Dec 2, 2000
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>>I think Cunard had a large share of the merged company so fashioning things in their image also would make sense.<<

Ultimately, they were the surviving company. Mark Baber can give you a better rundown on the blow by blow events then I can, but as I understand it, White Star and Cunard existed as seperate companies *on paper* for a number of years.

The reality was that when they combined, it was Cunard which was calling the shots practically from the start. By the time the old White Star offices were finally vacated, the name was little more then a trademark.

While we may rue the binning of their old records, I would submit that it really makes no difference in this case. If the tables had been turned and it was White Star surviving. Purchase orders for minor equipment such as firearms tend not to be the sort of records that corporations would retain long term. If they were still there, it was in a file long forgotten and uncared about.
 

Tom McLeod

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Agreed upon reflection of your recent post. Thanks for all your information when you are able to reflect on such. If Mark Baber can point me in a direction from his knowledge such would be appreciated and interesting. I'll stay on the Webley subject as research and pass on anything that may come to light. I have some other related questions I'll drum up soon.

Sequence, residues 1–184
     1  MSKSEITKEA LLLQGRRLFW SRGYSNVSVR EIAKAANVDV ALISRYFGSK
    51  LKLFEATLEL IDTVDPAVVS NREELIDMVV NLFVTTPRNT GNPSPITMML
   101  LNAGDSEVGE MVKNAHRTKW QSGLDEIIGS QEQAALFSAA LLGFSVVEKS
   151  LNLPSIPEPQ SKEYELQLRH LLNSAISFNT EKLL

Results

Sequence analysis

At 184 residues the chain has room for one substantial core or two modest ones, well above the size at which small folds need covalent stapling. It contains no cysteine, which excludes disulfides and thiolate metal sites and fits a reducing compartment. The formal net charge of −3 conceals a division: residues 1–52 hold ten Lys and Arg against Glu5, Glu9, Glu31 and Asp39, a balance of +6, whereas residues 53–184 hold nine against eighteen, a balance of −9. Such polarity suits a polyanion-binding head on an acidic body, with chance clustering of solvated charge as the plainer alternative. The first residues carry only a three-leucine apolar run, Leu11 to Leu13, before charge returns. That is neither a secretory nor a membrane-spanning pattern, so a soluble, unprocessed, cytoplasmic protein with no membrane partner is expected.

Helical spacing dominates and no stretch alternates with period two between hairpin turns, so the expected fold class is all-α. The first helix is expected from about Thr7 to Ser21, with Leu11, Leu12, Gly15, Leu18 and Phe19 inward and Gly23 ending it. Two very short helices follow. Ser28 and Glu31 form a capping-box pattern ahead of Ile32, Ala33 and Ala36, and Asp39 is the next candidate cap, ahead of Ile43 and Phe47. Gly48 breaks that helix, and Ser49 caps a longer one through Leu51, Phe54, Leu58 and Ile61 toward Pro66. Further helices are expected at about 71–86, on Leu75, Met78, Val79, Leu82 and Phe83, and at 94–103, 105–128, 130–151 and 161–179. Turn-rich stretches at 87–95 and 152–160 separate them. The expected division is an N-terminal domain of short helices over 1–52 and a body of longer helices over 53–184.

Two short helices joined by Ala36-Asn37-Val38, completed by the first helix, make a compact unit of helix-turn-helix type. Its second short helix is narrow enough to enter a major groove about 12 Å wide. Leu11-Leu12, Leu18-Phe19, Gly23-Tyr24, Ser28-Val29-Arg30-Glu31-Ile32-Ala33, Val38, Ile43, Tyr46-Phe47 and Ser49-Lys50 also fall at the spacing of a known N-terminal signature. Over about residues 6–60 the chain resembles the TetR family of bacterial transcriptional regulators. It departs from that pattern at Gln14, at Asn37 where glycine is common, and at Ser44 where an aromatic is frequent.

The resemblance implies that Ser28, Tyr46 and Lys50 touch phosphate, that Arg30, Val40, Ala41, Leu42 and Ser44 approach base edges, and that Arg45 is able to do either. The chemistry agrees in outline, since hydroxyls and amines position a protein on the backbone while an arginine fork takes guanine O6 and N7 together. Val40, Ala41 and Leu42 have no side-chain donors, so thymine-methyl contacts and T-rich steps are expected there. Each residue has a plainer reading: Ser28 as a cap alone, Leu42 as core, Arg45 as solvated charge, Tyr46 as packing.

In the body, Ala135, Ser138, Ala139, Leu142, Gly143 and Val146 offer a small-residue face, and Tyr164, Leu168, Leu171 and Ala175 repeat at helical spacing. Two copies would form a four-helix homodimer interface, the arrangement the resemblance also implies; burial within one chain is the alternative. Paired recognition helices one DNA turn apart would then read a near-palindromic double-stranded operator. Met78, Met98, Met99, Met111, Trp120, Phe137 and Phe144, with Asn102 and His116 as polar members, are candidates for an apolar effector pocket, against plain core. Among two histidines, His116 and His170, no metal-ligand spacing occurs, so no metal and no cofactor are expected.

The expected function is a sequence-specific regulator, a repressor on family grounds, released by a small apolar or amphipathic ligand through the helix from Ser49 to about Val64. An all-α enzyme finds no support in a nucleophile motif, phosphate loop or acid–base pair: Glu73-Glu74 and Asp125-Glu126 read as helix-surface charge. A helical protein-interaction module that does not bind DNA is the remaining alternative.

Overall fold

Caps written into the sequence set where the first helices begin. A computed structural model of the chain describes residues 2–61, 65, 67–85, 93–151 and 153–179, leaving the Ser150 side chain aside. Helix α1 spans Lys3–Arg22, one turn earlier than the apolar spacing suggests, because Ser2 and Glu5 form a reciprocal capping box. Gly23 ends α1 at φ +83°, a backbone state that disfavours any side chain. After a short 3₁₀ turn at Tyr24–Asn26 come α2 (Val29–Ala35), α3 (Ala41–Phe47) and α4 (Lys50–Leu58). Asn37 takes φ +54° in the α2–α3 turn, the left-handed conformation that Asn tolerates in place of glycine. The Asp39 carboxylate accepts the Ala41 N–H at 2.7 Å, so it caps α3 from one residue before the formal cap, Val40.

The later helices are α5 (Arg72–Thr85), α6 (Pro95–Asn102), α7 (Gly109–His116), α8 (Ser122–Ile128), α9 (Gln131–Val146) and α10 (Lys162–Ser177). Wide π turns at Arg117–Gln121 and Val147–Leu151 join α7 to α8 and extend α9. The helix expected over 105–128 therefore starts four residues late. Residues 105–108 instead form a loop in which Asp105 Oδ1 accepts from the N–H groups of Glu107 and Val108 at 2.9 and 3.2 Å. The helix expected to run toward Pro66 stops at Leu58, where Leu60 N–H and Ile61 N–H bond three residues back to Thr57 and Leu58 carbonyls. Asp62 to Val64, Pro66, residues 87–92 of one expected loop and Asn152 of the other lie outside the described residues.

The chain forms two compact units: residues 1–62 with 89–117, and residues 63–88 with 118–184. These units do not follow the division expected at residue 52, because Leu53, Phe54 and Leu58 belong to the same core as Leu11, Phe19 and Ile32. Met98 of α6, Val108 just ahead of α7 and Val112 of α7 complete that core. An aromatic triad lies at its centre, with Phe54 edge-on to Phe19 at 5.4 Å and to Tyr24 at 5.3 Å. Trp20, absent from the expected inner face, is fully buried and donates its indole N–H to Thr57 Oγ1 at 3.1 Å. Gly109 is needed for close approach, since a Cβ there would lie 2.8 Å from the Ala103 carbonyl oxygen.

Mark Baber

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White Star and Cunard existed as seperate companies *on paper* for a number of years.

What happened in and after 1934 is this: The North Atlantic operations of the Cunard Steamship Co. and the Oceanic Steam Navigation Co. were transferred to the newly-created Cunard-White Star, Ltd. Another new corporation, Oceanic Steam Realisation Co. was created to hold the 38% of the stock of Cunard White Star stock allocated to White Star's creditors (principally IMM and the Treasuries of Northern Ireland and Great Britain); the other 62% was owned by Cunard. Although OSNC wasn't dissolved until 1939, it was left with no business activities and no assets after the merger occurred. The Realisation company was dissolved in 1948, after the 1947 acquisition by Cunard of the 38%, described here.
 

Tom McLeod

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Thanks again Mark, that's a little tricky to remember but I'll get it down. Carnival will likely be taken over by Wal Mart the way things are going.
 

Tom McLeod

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Back to the Webley.

To all those interested I'm currently in talks with Webley Limited the parent company of Webley and Scott the makers of the gun. The exchange of information is going well. Maybe we will see if they have any old company records on guns issued to Titanic, or not, but likely we'll learn something. FYI.